A motion detector 5 positioned behind light-transmitting window 4 (schematically represented in FIG. 2) is capable of detecting movements of objects as a whole, both near to and far away from the surveillance system. Motion detector 5 comprises one or more light receivers (not shown), as is known by skilled persons. Whenever an intruder enters the location where the surveillance system is installed, motion detector 5 is activated and enables generation of an alarm. Preferably, however, the security system comprising light guides 3 will remain permanently operative to detect any attempt to approach the surveillance system implemented with motion detectors, irrespective of whether their alarm outputs are being monitored.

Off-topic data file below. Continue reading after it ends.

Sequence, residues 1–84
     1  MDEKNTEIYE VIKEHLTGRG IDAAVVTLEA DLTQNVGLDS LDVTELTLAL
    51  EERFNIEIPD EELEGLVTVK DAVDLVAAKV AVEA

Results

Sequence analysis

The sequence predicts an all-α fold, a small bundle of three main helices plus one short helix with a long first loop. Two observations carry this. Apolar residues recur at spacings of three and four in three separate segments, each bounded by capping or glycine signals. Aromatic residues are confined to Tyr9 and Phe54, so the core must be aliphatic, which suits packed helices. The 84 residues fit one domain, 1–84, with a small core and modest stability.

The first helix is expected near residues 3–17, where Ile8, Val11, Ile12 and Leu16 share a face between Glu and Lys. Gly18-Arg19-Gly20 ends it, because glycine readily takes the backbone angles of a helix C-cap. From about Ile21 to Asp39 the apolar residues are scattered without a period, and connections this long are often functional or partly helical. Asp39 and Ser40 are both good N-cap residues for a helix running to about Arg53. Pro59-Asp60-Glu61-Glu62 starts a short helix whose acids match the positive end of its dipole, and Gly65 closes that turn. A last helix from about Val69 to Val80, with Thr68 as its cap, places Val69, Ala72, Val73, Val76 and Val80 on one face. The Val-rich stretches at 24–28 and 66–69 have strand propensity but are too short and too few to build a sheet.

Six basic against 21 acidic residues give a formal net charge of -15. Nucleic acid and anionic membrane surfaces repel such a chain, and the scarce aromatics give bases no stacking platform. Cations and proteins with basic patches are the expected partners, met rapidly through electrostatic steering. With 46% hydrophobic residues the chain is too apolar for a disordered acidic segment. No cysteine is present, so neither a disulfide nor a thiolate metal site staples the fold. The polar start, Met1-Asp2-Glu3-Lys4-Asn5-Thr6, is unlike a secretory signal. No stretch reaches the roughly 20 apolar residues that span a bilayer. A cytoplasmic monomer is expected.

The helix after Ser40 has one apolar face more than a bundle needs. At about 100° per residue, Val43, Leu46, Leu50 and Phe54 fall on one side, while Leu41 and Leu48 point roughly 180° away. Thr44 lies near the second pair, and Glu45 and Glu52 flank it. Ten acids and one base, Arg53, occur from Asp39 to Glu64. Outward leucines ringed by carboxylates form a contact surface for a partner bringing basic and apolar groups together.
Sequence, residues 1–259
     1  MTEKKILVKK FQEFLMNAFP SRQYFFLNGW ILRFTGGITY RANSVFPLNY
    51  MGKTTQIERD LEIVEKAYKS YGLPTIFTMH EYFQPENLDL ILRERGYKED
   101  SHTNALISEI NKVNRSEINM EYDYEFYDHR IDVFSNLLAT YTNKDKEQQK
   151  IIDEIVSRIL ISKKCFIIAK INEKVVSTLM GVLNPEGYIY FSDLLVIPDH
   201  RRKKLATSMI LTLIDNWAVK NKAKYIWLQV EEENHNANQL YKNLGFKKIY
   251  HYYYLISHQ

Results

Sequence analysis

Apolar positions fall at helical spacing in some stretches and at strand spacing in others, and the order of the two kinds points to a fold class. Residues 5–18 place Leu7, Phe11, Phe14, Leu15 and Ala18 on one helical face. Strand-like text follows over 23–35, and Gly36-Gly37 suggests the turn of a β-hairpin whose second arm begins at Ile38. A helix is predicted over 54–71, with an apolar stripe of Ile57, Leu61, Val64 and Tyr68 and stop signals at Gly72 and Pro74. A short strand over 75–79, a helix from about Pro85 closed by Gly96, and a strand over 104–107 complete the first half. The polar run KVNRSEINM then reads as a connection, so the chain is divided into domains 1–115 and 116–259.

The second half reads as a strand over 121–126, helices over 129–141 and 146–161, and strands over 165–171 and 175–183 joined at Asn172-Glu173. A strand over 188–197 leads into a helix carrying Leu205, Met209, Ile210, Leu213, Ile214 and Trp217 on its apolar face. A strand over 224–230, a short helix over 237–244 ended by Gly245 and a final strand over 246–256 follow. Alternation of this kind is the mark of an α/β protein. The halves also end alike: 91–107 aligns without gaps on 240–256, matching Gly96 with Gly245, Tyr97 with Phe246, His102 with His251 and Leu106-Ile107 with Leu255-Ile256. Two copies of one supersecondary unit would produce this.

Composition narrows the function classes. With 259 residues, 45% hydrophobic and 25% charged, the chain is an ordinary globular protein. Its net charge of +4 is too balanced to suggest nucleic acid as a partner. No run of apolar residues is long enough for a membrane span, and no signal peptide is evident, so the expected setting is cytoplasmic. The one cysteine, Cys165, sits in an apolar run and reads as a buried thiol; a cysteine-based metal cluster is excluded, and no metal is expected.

In the illustrated embodiment, the solid angle within which motion detector 5 is capable of detecting object movement will at least partly cross a light-transmitting window 4 that is under protection by the security system. In other words, joint use is made of motion detector 5 present at window 4 and the security system protecting window 4 to provide additional security against any undesirable masking or covering of window 4. Thus, motion detector 5 is prevented from being partly or entirely blinded. This is beneficial because, if covered or masked, motion detector 5 would not be capable of detecting a movement made by an object. FIG. 3 in particular shows that light conductors 3-1 and 3-2 are positioned beside or at least partly around window 4, which is thereby fully covered by the local light beam emitted from light guides 3.